Originally published in The Huffington Post
Here’s something you don’t hear every day in the wedding world: not every bride wants to wear a dress.
For many in the lesbian, queer and transgender communities, the perfect wedding outfit is a clean, classically-tailored suit. But as HuffPost blogger and LGBT wedding planner Bernadette Coveney-Smith knows, it’s virtually impossible to find a chic, wedding-appropriate suit made for the female body in stores. So six months ago, Coveney-Smith launched Fourteen Style, an online boutique that specializes in pants, jackets, vests and shirts designed for customers of varying gender identities.
HuffPost Weddings spoke with Coveney-Smith about how difficult it can be to find the perfect wedding suit in stores, and how Fourteen Style’s suits differ from average formalwear.
What inspired you to create Fourteen Style?
I came up with the idea years ago when I started my wedding planning company specializing in LGBT weddings, 14 Stories, in 2004. It was kind of a constant demand from my female clients — “What am I going to wear to the wedding?” And the options were pretty limited. They could buy a man’s suit and have it altered, they could have something custom made, they could shop around and hope for the best in a department store, and really there’s nothing made for them. I went through it myself when I was planning my wedding in 2009. My personal style is, I’m not super butch or masculine and I didn’t want to wear a man’s tux. Finding that in-between was a challenge. One of my Twitter friends tweeted me an introduction to this fashion designer in Miami, Maria Alexandra Garcia, and she basically had the same idea, the same passion but what she brought to the table was something I didn’t, which was a complete background in fashion.
When women try to buy a suit, what do they usually find in stores?
A lot of the suits available in the women’s section look like you would wear them to work and might not be the right fabric for a wedding. They might not have any drape or flow. For example, one of the requests we get constantly is, “I want to look like whatEllen [DeGeneres] wore to her wedding.” You’re not going to go to Macy’s and find linen pants and a linen vest and that chic, casual white look. Custom suits usually start around $2,000 and up, so for many people it’s cost-prohibitive. It’s not like there’s a David’s Bridal for lesbian suits.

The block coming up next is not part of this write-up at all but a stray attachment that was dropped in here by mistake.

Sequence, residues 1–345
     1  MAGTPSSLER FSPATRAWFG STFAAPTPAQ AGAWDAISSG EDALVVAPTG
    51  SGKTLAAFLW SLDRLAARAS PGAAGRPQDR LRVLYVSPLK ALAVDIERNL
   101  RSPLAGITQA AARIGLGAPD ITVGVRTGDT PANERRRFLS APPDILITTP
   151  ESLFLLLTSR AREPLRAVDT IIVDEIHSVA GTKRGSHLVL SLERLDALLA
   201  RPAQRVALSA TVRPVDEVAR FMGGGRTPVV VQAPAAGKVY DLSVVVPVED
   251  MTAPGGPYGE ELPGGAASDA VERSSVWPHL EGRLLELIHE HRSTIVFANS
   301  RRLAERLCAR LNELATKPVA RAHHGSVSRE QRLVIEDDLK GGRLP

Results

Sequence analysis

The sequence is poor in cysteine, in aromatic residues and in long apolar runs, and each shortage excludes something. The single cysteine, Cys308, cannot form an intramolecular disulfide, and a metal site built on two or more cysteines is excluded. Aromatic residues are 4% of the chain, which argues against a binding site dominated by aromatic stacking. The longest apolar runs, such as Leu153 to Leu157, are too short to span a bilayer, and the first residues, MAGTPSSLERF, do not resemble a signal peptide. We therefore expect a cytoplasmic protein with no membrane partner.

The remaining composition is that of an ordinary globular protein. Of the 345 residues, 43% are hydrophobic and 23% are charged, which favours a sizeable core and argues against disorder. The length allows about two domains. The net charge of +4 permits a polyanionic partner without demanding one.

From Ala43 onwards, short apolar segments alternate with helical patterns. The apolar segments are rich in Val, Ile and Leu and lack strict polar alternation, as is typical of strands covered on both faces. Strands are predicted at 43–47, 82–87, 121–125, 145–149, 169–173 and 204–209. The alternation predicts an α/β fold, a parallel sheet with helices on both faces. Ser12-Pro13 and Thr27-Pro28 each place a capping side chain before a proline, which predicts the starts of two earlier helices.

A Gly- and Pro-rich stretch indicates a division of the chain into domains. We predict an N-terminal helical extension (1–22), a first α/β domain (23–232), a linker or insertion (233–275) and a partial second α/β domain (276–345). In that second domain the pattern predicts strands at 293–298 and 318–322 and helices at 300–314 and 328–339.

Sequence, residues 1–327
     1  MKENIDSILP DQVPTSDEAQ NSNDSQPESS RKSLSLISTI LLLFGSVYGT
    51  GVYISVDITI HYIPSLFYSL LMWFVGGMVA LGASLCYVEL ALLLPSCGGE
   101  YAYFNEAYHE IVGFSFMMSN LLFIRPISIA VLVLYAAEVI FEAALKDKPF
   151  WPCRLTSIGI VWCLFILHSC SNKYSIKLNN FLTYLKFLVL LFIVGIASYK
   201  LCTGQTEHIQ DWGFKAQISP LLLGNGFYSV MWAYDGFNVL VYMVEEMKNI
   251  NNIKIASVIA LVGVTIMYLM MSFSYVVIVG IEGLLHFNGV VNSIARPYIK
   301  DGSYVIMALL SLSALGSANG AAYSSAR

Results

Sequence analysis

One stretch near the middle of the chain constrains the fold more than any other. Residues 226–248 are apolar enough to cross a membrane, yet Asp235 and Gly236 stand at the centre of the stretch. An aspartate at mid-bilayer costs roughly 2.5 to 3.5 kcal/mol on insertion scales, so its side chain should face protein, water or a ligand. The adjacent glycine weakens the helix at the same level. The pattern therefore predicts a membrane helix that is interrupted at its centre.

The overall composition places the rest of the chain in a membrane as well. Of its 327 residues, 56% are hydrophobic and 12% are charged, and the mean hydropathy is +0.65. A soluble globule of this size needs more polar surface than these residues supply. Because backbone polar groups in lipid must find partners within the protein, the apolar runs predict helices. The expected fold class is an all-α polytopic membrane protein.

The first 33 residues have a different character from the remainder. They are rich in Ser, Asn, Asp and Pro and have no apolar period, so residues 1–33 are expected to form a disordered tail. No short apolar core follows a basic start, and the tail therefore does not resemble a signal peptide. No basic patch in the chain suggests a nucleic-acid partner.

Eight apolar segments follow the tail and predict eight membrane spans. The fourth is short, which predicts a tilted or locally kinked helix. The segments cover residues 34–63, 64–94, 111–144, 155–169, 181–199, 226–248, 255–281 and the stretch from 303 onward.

What was the design process like?
We did a lot of focus groups. Maria Alexandra interviewed a lot of my former clients and a lot of members of a drag king network in south Florida, and brought them in for fittings and asked them, “What are the problems you’re having with clothes now and how can we solve those problems?” For example, some of our clients are not comfortable with their breasts, so they might bind their breasts. So they’re looking for clothing that compresses their breasts and looks like they’re flat-chested. Another problem is some people are completely comfortable with their breasts but if they go to buy a man’s tux they’re not going to find a tux that has room for breasts. Or the jacket sleeves are too long or the shoulders are too wide. So the designs are really all based off of focus groups and conversations with the target market.
The suits come in both a “standard” and “boy” cut. What’s the difference?
The basic difference is that the boy cut has straighter lines, so it’s for people who really try to hide their curves and want a more streamlined look. They’re more boyish or masculine in appearance and in their identity. The boy cut also has room for packing. We’re really thinking about the spectrum of the lesbian or queer woman or trans man, so there’s really a little bit of something for everyone no matter where you fall on the spectrum.
What does is mean to your customers to be able to buy a suit from Fourteen Style?
That’s one of the cool things about going to wedding expos. The sense of gratitude is really, “Wow, thank you for doing this, thank you for creating this company, because it’s a problem.” That’s the most amazing thing for me — to feel like in all my businesses, I’m not just trying to make a buck, I’m trying to change the world and be revolutionary in a way. It’s a really interesting emerging industry. There is a company that competes with us but their stuff is much more butch than ours, and there’s a store in San Francisco called Tomboy Tailors where people are getting their suits, but those are made to measure, not sold in sizes. Our goal is to really be very accessible by selling them in sizes and not being anything close to custom. Just because you don’t want to wear a dress doesn’t mean you’re manly or masculine or butch.